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Olden Life: What was a Crocodile? By Eleanor Allen

Blog | By Eleanor Allen | Apr 27, 2023


A line of schoolchildren walking in pairs, shepherded by a couple of teachers front and aft, was once a familiar sight.

Temporarily released from desks to wend their way to a swimming baths, church or educational venue, they’d be chatting along like a flock of chaffinches. And the public, even when shunted by the line off the pavement into the gutter, would adopt an expression of benign tolerance.

We used to call this set-up a crocodile.

I presume the strange nickname came about because of the column’s wavy, side- to-side forward motion, combined with the head-up, shoulders-back posture usually adopted by the leading pair.

The term was only ever used in Britain:

‘Crocodile: a girls’ school walking two and two in a long file, 1870’. (Shorter Oxford Dictionary)

Later, the term was extended to lines of adults and vehicles, and the crocodile became a popular means of moving primary school children around.

‘You are representing your school!’ exhorted our senior mistress, back in the early 1960s, running her beady eye over the length of our skirts and angle of our hats and ties, before releasing us into the glaring spotlight of the public stage.

‘Remember to comport yourselves with dignity!’

Things hadn’t changed much since Tirzah Garwood made her delightful woodcut called Crocodile (pictured), back in 1929. She captured the deep-rooted yet lightly flaunted pride in school and uniform, combined with a gleeful sort of insouciance; the awareness that, despite the ‘beetle-crushers’ on their feet and identical felt hats rammed on their heads, the girls nevertheless had little ways and means of asserting individuality.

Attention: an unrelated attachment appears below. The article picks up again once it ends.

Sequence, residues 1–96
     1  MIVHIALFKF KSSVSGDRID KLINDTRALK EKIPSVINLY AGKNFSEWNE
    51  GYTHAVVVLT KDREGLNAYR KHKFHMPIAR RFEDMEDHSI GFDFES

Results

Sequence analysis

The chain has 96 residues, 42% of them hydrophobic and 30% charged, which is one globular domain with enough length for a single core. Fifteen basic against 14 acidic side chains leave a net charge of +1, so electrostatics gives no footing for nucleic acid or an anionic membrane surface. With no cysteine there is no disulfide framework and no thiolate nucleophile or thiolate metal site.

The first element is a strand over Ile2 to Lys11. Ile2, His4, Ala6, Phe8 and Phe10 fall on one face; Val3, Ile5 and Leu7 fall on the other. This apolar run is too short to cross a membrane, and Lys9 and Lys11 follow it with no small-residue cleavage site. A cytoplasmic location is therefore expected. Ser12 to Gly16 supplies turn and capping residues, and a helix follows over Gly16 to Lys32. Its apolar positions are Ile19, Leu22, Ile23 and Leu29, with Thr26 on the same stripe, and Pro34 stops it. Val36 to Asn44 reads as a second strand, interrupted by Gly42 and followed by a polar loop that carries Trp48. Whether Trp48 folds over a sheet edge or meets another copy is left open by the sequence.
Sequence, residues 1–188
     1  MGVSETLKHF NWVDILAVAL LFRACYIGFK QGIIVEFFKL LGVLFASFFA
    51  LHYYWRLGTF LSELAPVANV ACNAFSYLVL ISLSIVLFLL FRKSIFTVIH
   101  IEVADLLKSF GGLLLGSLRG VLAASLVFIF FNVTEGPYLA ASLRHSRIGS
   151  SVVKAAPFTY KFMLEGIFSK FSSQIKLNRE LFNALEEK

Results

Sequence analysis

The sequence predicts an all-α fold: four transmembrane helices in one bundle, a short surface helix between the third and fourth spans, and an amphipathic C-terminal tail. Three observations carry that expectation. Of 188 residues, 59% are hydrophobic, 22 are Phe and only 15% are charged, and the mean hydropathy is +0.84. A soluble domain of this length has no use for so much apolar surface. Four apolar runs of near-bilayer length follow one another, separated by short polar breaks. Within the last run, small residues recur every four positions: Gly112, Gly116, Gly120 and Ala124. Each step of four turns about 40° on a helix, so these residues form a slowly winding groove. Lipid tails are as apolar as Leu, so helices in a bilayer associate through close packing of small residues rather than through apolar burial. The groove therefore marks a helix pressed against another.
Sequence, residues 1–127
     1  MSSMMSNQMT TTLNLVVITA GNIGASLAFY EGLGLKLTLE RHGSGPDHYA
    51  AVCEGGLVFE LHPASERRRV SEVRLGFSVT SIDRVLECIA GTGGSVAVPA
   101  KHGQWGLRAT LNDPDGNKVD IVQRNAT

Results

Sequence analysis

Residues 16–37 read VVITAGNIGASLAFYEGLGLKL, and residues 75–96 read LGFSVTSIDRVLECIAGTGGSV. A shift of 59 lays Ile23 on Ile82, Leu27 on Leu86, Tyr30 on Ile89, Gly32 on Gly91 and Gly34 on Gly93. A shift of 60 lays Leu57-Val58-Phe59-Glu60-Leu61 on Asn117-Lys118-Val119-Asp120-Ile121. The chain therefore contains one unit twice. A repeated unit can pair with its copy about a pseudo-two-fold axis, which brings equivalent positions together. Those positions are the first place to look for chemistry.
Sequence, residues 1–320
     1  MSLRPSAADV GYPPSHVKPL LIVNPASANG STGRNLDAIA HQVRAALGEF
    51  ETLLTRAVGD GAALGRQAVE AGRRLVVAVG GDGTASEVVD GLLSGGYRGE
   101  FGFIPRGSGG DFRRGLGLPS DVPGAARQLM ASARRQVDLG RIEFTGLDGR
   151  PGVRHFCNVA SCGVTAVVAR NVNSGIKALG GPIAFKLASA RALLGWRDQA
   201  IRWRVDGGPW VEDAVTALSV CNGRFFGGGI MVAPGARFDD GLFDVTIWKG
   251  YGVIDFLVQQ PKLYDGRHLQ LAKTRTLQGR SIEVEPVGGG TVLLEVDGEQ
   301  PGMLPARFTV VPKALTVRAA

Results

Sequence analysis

From the end of the 19th century, showmen such as George Edwardes (Gaiety Girls) and John Tiller (Tiller Girls) had recognised the captivating charm radiated by crocodiles of ‘pert’ – but respectable – schoolgirls, ‘full of girlish glee’. They encouraged their chorus girls to attract publicity by emulating them in public.

In Paris in the 1930s, Miss Bluebell ruled that her Bluebell Girls, chosen for their height and elegance, must always walk to the Folies Bergère in English-schoolgirl crocodile formation. Impeccably dressed in hat, gloves and unladdered stockings, they must convey the impression that, should they get run over, their underwear would bear inspection. Furthermore, they must never, ever be seen snacking in the street. Needless to say, Parisian necks craned, horns honked, brakes squealed…

Nowadays, schoolchildren tend to be bussed between venues and are only occasionally seen walking in a crocodile. We might catch sight of a line of primary-school children wearing high-vis vests, but this is referred to as a ‘walking bus’.

My grandchildren talk of sometimes walking with a ‘talk partner’. Chaffinch-like chatter still carries on, but the word ‘crocodile’ draws a blank.

And when even a primary-school teacher on Mumsnet claims never to have heard of the crocodile, I guess the term may now quietly be heading towards extinction.

A pity, because it was colourful and fun.